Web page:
Thunderbolt And Lightfoot Blu-ray review
Clint Eastwood and Jeff Bridges' on-screen meet-up gets a Blu-ray release...
I don’t think I’ll ever enjoy Clint Eastwood’s film performances. He always seemed sullen and rarely believable (even though they seem close to his real-life persona), even though some of his films which he starred in are among my favourites. Conversely, young Jeff Bridges’ boyishness and freewheeling have always made me root for the guy.
Personal taste aside, throwing these two together in a road movie is like combining sea salt with caramel; two contrasting elements that work together to create something that you just know will work well. Like many great road movies of the time, Thunderbolt And Lightfoot combines character study with a topographical glance at the American national psyche, though not quite to the same scathing level as some of its contemporaries.
Eastwood is Thunderbolt, a rural preacher whose violent past quickly catches up with him in the form of bumbling vengeful crooks played by George Kennedy and Geoffrey Lewis. Bridges is Lightfoot, a carefree car thief who beneath it all is just a lonely kid looking for a buddy (or maybe a daddy figure?). What Lightfoot ends up getting is a kind of moody but caring uncle when he helps Thunderbolt get away from his pursuers, and the two set off on together on their misc
Both quickly settle into their adopted two-member family, and soon they’re rip-roaring across Montana towards a treasure hidden by Thunderbolt and his former colleagues in an old schoolhouse. Along the way they seduce beautiful women (as with many ‘American New Wave’ films, here the 60s sexual liberation manifests itself as women being reduced to sex objects), hitch rides with incomprehensible rabbit-killing rednecks, all while uttering such wonderful phrases as “Do you read?” “I read you loud and clear”, and “Go fuck a duck”.
The first half of the film feels light and brisk. Every time Eastwood’s trademark distractedness and squinting at some point in the mid-long distance starts getting on your nerves, Bridges is there to blithely break him out of his stupour with a wisecrack or appreciation of the nearest beskirted human being that walks past. Bridges’ role is far more than comic relief however, as he brings a sensitivity and neediness to the performance that bagged him a Best Supporting Actor Oscar nomination.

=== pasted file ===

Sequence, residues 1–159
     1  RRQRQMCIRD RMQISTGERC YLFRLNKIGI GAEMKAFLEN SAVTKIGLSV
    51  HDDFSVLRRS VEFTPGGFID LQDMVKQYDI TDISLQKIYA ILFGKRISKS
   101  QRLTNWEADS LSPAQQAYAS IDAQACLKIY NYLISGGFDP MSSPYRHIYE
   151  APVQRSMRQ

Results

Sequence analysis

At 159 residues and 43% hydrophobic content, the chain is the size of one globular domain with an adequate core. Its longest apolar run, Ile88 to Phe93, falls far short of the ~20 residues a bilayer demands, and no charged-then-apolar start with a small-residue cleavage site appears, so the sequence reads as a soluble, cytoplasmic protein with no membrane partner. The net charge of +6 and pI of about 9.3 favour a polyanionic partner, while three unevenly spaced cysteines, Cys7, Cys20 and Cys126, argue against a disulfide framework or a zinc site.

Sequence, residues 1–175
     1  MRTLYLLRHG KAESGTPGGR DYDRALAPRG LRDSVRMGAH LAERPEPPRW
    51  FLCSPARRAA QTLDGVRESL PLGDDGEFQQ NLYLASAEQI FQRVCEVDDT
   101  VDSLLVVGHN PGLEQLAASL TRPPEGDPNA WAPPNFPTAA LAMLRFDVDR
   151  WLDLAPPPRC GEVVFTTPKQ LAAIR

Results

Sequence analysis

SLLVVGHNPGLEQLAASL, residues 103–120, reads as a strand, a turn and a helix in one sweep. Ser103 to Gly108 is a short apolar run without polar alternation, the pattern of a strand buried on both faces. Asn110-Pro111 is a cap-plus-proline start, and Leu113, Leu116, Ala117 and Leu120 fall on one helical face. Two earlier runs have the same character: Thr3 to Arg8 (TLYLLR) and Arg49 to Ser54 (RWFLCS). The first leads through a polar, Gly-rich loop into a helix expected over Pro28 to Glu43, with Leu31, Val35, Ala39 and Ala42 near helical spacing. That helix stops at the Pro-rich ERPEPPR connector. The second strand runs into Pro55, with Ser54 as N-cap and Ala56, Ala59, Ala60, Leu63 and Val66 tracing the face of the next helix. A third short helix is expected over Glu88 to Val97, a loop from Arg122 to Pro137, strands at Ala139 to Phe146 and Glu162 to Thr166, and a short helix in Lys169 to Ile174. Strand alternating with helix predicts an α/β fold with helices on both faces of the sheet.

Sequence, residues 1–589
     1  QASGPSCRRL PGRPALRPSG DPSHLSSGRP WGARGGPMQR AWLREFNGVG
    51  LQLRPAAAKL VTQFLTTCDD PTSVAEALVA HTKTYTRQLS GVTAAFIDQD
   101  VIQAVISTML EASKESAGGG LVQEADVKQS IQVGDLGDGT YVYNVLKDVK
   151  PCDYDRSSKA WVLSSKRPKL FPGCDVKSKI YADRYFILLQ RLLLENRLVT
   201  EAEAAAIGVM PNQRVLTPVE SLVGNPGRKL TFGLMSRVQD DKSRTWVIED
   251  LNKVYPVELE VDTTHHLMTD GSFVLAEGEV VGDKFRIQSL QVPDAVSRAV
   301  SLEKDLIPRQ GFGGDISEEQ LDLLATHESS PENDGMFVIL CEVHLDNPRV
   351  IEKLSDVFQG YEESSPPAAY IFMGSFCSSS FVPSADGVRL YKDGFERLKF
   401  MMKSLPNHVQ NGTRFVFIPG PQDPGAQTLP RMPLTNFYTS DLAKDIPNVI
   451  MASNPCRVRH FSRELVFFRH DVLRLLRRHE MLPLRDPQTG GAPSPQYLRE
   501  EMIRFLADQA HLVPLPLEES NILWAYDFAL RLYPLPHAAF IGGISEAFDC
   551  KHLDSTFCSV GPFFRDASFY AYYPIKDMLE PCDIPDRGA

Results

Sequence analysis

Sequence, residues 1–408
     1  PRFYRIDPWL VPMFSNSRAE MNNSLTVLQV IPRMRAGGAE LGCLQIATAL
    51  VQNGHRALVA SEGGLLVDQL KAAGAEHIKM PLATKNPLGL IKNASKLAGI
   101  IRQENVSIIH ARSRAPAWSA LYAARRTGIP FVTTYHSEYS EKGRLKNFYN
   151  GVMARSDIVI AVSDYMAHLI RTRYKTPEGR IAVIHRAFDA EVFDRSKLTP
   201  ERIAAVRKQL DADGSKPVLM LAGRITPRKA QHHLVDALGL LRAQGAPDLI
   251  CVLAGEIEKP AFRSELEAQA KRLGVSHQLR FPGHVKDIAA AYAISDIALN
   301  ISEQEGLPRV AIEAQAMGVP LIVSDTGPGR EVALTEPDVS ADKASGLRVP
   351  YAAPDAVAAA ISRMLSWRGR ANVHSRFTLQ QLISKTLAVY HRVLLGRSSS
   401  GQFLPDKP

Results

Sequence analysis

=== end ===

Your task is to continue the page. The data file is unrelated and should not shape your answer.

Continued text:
Aside from the myopic goal of robbing an armoury, Thunderbolt and Lightfoot seem to have deeper goals that are impossible to reach. Thun. They’re discontent in a way that’s both existential and indicative of its historical moment. In Easy Rider, Wyatt and Billy search for the American dream want to go to Mardi Gras, but the event and the journey goes on to its grim conclusion. In Vanishing Point, Kowalski’s bet to drive across the country is really an excuse to explore an America coming to terms with the end of the Sixties.
Thunderbolt And Lightfoot is not quite as rife with subtext. Some readings point to Lightfoot as being homosexual, but he seems more of a lost child, desperate for the fraternal affection of someone whose values still amount to something in the post-hippie era. Thunderbolt/Eastwood is a thief whose celibate, teetotal attitude (he is a priest, after all) seems to be working out for him. All he thinks about is survival and the next job, but it’s got him by in the film’s desolate depiction of 70s rural America. The message is that the naive Lightfoot/Bridges should take on some of Thunderbolt’s aloof, back-to-basics attitude – and fast – if he too wants to survive.
In the third act, Thunderbolt And Lightfoot tightens its grip on the wheel, and loses some of the haphazard charm from earlier in the film. When the pair make some unexpected allies, the profundity of their relationship gets diluted by the one-dimensional newcomers. A mundane goal gets created in the form of a great heist, and where the film could’ve brought us closer to exploring the characters and the American west, it instead turns into a pretty ordinary crime caper
SPOILER ALERT: If the climactic event of the film was underwhelming, then the tragic ending makes up for it. Semi-explicable and dragged out for an agonising amount of time, Lightfoot’s death by brain aneurysm is a mournful farewell to youth; the 60s spirit going out not with a bang, but slowly shutting down with a prolonged sense of inevitability.
An interactive menu with Jeff Bridges’ crotch in the background, a scene selector, and a Play Movie option. Given the interesting production process of the film which saw it rejected by Warner Bros and Eastwood hand over the reins to first-time director Micheal Cimino (The Deer Hunter, Heaven’s Gate), you would’ve hoped to see something about it all came together.